A common retirement savings benchmark is typically $1 million. Retirees struggling to catch up to this savings amount, however, may feel as though they won’t be able to enjoy a comfortable retirement if they don’t have a million dollars or more. Is this true? Can you still retire even if you don’t have a million dollars?
GOBankingRates spoke to Dr. Lakisha L. Simmons, PhD and financial freedom coach at The Wealthy AchieveHer, to learn why she doesn’t think everyone needs a million dollars for a comfortable retirement and how every generation can best structure their retirement savings.
How much money do you think every American should aim to have in retirement savings and why?
I’m a firm believer not everyone needs a million dollars or more to retire comfortably. However, it is important to know how much it costs you to live comfortably for a year.
If this amount is $30,000, then the rule of 4% says $750,000 could be plenty to live on for 30 plus years, and you will likely pass with more than that in your investment account. Every household is different, so multiplying your yearly expenses by 20, 25 or 30 can give you a lean, average or luxury living nest egg.
How should younger generations structure their retirement savings strategy differently than older generations?
Those with 10 plus years until retirement can take on a bit more risk, because they have more time to ride out any bear markets. By risk, I mean how much someone may want in stocks, which are typically deemed more risky — small, mid or large cap — index funds and/or bonds and cash, which are less risky.
Those with less than five years until retirement definitely want to speak to a qualified investment advisor. This ensures their portfolio diversification and risk profile is appropriate for their goals.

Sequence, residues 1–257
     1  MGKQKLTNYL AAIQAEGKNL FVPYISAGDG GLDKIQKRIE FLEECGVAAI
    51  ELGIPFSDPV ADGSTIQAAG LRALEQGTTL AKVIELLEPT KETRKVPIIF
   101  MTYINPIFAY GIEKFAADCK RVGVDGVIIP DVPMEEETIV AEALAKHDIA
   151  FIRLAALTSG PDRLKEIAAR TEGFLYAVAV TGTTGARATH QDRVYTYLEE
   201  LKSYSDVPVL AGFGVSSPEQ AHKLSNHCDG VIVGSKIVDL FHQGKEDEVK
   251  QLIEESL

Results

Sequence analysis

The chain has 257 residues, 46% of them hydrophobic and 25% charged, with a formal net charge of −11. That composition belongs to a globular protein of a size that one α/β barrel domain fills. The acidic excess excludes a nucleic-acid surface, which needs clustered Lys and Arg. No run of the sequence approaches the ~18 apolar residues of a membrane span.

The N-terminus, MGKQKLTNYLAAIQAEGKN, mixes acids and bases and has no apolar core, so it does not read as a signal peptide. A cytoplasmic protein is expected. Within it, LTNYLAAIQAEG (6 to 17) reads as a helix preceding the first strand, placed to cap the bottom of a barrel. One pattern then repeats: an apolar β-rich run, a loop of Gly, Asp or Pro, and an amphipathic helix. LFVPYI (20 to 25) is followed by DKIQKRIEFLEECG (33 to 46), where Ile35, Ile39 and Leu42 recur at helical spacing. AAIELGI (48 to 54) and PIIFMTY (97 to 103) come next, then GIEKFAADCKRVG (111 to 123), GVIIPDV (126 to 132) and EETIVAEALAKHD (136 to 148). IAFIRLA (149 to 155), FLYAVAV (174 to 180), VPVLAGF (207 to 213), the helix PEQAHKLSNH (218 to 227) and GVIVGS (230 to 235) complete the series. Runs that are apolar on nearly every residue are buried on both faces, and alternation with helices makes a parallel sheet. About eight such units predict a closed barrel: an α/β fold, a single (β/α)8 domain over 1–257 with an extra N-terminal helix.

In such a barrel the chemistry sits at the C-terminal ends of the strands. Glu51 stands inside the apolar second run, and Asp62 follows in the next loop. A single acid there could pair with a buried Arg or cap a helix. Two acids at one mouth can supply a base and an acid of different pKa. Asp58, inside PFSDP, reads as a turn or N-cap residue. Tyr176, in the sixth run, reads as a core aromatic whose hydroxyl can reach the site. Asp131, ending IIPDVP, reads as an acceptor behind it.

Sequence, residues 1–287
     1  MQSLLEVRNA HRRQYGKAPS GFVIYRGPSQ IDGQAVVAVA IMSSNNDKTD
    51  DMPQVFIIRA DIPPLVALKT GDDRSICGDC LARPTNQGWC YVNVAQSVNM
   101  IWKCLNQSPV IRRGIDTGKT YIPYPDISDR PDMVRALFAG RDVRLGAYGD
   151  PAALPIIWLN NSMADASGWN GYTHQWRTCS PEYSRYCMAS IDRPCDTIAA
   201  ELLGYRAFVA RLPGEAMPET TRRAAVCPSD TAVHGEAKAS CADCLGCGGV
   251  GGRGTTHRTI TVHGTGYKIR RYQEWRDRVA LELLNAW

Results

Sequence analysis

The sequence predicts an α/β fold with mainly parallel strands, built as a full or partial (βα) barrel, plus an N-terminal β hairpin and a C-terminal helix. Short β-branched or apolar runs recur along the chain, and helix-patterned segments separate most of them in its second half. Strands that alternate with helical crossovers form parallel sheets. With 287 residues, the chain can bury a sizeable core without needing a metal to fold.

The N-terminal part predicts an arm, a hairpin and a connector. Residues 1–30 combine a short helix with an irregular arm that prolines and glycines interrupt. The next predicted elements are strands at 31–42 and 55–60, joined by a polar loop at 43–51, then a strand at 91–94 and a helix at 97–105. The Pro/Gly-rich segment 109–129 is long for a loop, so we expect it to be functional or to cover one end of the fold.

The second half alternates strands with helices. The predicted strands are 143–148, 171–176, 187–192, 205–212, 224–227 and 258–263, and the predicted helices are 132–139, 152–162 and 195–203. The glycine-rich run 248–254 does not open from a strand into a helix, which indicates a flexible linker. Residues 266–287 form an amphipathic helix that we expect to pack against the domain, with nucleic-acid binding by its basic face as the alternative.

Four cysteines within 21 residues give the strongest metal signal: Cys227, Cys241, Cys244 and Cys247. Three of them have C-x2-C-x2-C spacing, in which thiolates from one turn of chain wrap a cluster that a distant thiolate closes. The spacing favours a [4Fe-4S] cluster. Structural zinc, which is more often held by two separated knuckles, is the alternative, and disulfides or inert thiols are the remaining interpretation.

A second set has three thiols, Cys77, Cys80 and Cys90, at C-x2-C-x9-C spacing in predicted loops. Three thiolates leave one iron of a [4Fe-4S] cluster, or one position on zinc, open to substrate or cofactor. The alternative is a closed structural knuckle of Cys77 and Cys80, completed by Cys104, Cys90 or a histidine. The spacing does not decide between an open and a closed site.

What plans should someone make if they plan to retire on only Social Security?
Social Security is a benefit many people will use as their sole retirement account.
Some general considerations for those retiring and planning to retire only on their Social Security is to get an estimate of what your payments will be. Visit The United States Social Security Administration (SSA) to create an account and manage your benefits information. Then you can determine if this will be enough to sustain your lifestyle or not.
Retiring With Less Than $1 Million: Additional Key Considerations
Several factors will determine if it is possible for you to live off a retirement nest egg of less than $1 million. Consider which of the following factors may personally affect your retirement financial situation.
- Location. You will need much more money in savings if you retire in an expensive city or location compared to an area with a low cost of living.
- Health. If your health is in good shape, prepare to start financially accommodating a longer lifespan. Similarly, if you have health issues, you will need to determine how much more money you need to cover healthcare expenses.
- Income. Consider your various income sources in retirement. These may include Social Security, retirement savings, pensions and working a part-time job or side hustle.
Jaime Catmull contributed to the reporting for this piece.
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